A Beginner's Guide to Compression


A Beginner's Guide to Compression

18 Jan, 2023

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Compression is a technique of reducing the dynamic range in an audio signal. Audio compression helps to make the loud and soft parts more even. It makes it easier for you to hear and understand speech, music, or other types of sound when there are large differences in volume between different sections of a recording. Audio compression is also useful if you want to record something live (a compressor can be used on each channel). Audio compression may cause some distortion, which may be desired or undesired depending on the context. Audio compression can also be used in audio mastering. Audio is often compressed to make it sound better over low-quality PC speakers.

A compressor works by reducing the overall dynamic range of an input signal based on a threshold set by its user (called 'compression ratio'). A compressor with greater than 100:0 ratio will reduce the output level when the input level is above the threshold. Audio compression reduces loud sounds over a user-defined, time-varying amount (called 'attack' and 'release'). The more you compress an audio signal, the more it will sound like its playing through cheap speakers or headphones.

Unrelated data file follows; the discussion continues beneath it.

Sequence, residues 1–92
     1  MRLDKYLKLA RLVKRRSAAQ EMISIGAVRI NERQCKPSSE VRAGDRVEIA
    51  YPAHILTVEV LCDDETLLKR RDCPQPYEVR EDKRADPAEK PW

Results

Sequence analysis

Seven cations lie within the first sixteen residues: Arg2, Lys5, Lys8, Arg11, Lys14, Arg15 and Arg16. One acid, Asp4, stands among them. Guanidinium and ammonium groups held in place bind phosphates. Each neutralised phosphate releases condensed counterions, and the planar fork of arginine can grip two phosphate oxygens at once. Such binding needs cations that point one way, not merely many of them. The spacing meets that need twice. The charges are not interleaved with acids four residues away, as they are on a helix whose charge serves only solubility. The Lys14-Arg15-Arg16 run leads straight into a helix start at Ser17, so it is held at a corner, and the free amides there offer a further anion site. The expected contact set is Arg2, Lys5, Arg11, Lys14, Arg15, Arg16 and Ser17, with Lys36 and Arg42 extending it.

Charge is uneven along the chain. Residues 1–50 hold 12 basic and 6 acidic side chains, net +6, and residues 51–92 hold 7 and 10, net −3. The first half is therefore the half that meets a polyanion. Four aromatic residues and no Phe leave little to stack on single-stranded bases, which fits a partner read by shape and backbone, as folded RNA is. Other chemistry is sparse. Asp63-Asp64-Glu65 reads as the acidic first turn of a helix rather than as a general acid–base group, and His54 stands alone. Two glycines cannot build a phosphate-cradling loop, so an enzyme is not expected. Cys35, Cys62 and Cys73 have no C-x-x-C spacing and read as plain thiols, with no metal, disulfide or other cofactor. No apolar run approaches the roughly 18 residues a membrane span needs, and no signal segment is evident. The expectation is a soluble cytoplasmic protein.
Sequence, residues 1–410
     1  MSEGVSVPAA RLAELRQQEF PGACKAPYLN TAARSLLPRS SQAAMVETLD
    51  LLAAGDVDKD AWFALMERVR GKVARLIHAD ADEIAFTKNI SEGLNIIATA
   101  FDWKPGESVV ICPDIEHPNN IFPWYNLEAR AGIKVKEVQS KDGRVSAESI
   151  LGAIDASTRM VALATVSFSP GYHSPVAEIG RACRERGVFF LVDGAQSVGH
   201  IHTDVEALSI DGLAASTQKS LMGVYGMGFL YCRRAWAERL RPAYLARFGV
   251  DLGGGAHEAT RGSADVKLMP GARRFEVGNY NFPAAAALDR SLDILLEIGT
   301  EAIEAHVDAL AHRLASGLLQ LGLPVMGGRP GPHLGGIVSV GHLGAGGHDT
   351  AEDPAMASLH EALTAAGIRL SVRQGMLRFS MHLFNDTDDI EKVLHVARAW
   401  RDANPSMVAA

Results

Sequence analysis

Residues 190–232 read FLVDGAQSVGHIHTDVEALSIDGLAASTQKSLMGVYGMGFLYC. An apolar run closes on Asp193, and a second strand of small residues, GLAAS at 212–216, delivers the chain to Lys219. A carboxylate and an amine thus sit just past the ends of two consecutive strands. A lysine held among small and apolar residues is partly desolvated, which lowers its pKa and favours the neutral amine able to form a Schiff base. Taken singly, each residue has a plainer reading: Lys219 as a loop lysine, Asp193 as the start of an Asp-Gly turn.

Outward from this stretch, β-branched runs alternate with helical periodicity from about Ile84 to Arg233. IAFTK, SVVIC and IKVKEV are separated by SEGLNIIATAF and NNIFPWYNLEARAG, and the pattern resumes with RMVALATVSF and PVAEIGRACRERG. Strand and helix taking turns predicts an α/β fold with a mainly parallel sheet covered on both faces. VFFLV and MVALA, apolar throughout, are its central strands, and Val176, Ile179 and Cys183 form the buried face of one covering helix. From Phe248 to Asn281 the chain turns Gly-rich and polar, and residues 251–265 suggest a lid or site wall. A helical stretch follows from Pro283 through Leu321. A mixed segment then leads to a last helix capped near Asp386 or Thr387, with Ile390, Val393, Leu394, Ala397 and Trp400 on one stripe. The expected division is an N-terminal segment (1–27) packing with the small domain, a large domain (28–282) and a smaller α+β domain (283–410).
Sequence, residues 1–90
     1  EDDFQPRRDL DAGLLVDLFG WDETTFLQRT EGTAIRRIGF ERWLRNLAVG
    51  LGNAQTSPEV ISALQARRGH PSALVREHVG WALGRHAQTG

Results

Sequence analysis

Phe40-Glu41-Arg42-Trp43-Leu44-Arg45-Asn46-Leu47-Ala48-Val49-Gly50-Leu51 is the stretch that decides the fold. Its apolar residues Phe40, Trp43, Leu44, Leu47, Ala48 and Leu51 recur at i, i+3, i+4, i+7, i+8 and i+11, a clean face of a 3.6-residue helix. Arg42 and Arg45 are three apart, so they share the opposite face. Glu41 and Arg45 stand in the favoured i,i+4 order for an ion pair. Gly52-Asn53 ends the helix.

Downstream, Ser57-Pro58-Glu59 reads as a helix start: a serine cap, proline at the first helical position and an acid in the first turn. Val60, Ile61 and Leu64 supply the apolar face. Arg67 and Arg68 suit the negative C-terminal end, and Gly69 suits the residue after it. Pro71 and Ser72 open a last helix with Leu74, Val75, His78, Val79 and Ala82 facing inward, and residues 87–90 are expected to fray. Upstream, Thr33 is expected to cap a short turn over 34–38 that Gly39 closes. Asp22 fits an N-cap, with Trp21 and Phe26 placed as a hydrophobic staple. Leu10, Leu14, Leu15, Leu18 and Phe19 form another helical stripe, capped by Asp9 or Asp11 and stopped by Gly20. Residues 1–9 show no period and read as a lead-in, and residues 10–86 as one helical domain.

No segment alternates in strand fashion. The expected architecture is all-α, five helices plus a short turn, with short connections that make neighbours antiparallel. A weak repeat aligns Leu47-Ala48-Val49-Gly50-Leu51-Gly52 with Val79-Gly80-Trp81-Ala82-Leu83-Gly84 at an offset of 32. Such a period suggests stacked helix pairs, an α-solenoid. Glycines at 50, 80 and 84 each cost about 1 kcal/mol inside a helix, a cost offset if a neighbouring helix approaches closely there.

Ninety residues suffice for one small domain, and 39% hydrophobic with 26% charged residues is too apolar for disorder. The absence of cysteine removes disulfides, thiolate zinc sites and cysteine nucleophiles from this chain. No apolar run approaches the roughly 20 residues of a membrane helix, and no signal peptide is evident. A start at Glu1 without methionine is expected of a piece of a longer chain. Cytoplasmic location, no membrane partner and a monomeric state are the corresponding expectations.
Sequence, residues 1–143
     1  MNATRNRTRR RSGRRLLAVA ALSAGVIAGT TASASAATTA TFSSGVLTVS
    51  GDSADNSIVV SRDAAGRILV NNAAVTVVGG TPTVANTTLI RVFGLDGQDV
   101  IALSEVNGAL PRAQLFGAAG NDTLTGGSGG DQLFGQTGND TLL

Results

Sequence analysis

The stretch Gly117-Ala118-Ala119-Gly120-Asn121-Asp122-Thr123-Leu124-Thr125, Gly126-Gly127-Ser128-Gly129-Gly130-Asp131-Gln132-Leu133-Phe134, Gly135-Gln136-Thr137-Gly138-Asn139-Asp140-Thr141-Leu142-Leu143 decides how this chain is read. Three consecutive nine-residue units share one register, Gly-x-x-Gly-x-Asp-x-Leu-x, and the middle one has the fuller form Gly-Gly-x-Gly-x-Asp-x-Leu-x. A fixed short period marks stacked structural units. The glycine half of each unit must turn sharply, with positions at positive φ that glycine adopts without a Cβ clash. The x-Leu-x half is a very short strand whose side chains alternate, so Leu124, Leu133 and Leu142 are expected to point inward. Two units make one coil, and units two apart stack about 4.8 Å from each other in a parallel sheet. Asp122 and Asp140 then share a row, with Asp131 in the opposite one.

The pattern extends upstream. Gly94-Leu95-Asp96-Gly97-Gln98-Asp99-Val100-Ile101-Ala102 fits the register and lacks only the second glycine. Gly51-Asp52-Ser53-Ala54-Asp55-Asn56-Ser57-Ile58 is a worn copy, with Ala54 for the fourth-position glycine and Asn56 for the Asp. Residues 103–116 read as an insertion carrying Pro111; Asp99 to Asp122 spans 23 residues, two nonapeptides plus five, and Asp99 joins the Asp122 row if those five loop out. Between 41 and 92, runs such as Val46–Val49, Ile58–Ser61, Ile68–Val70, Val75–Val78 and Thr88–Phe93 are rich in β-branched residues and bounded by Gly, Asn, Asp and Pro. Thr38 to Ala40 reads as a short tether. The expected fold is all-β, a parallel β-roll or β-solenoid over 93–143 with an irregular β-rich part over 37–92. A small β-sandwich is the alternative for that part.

Audio compression can be used to reduce noise in recordings of live performances when the use of noise gates are either not practical or desirable. Audio compression can also be used in mastering for artistic purposes, however it is important to note that over-compression will cause a lo-fi sound.